Following the advent of VAR in last season’s Champions League and the Premier League rolling out the system this season UEFA decided to adopt it within the Europa League from the knockout stages.
UEFA’s Referees’ Committee Chairman, Roberto Rosetti, explained that this was due to the positive impact seen in the Champions League.
He went on to highlight:
”We’re very happy with the figures that we’ve seen in the UEFA Champions League group phase and playoffs – in 108 matches in total, 27 decisions have been corrected through the VAR system, which means that a decision has only been overturned every four matches – this shows the quality of the referees’ performances.
”In addition, we feel that the time taken to overturn a decision is important. So far this season, the average time for the correction of a decision has been 1 minute 30 seconds – 15 seconds less than last season.”
So there’s our brief – how did it pan out for the five British Clubs as they began the knockout phase.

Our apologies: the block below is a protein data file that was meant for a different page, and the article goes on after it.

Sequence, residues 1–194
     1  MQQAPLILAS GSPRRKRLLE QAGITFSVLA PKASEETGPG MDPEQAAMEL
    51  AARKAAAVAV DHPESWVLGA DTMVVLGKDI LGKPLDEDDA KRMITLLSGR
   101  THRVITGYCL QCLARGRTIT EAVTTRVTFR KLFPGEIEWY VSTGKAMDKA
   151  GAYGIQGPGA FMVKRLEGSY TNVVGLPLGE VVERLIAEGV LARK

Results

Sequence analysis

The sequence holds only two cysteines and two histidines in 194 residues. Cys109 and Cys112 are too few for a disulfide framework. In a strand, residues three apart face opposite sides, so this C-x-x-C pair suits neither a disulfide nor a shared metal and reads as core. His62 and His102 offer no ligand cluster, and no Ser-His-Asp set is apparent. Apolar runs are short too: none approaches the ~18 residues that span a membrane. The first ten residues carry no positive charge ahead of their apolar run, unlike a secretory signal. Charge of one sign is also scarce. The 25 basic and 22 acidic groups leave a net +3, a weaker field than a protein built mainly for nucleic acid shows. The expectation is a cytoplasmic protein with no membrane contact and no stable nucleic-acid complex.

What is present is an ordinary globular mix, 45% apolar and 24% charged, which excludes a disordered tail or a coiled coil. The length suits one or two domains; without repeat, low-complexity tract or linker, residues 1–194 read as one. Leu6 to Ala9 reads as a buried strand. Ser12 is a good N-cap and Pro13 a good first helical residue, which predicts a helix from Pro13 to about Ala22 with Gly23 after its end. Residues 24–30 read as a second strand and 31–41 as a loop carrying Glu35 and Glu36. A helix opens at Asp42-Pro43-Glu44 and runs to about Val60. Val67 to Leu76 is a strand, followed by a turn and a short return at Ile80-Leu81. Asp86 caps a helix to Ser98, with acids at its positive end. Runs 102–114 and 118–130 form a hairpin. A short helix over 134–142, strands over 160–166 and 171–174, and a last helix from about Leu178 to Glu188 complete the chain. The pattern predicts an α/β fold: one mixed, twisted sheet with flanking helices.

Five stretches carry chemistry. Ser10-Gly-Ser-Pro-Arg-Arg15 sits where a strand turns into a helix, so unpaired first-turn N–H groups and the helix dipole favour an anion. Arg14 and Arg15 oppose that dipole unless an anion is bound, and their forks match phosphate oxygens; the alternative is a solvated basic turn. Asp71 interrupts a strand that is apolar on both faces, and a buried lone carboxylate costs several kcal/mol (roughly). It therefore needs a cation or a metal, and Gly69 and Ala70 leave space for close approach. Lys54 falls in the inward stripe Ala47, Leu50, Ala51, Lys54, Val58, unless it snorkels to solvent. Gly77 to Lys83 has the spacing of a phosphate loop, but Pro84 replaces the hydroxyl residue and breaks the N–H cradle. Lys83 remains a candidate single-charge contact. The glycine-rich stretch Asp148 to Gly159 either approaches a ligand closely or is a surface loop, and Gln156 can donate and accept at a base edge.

For Arsenal, Manchester United and Wolves it continued on from what they’d been working too in the Premier League since August – albeit the tolerance level for penalising handball is lower in Europe than domestically.
For Celtic and Rangers, both were treading new ground and both would see VAR rule for and against them.
Arsenal v Olympiakos, Emirates Stadium, second leg
Although VAR didn’t actually rule or recommend a review to the referee, its value was questioned post match by many pundits and supporters alike.
After 20 minutes Alexander Lacazette played a defence splitting pass to Ivory Coast international Pepe. His run took him clear of the Greek defence and towards the edge of the visitors’ penalty area. Ousseynou Ba, in pursuit, tripped Pepe from behind, ending his run.
No doubt a foul and awarded by the referee, who then produced a yellow card, presumably for unsporting behaviour. Many felt, myself included, there would be a recommendation to review and Ba would then see his punishment raised to a red card for denial of an obvious goal scoring opportunity. It never came, and for me, Ba very lucky to be on the field at the restart.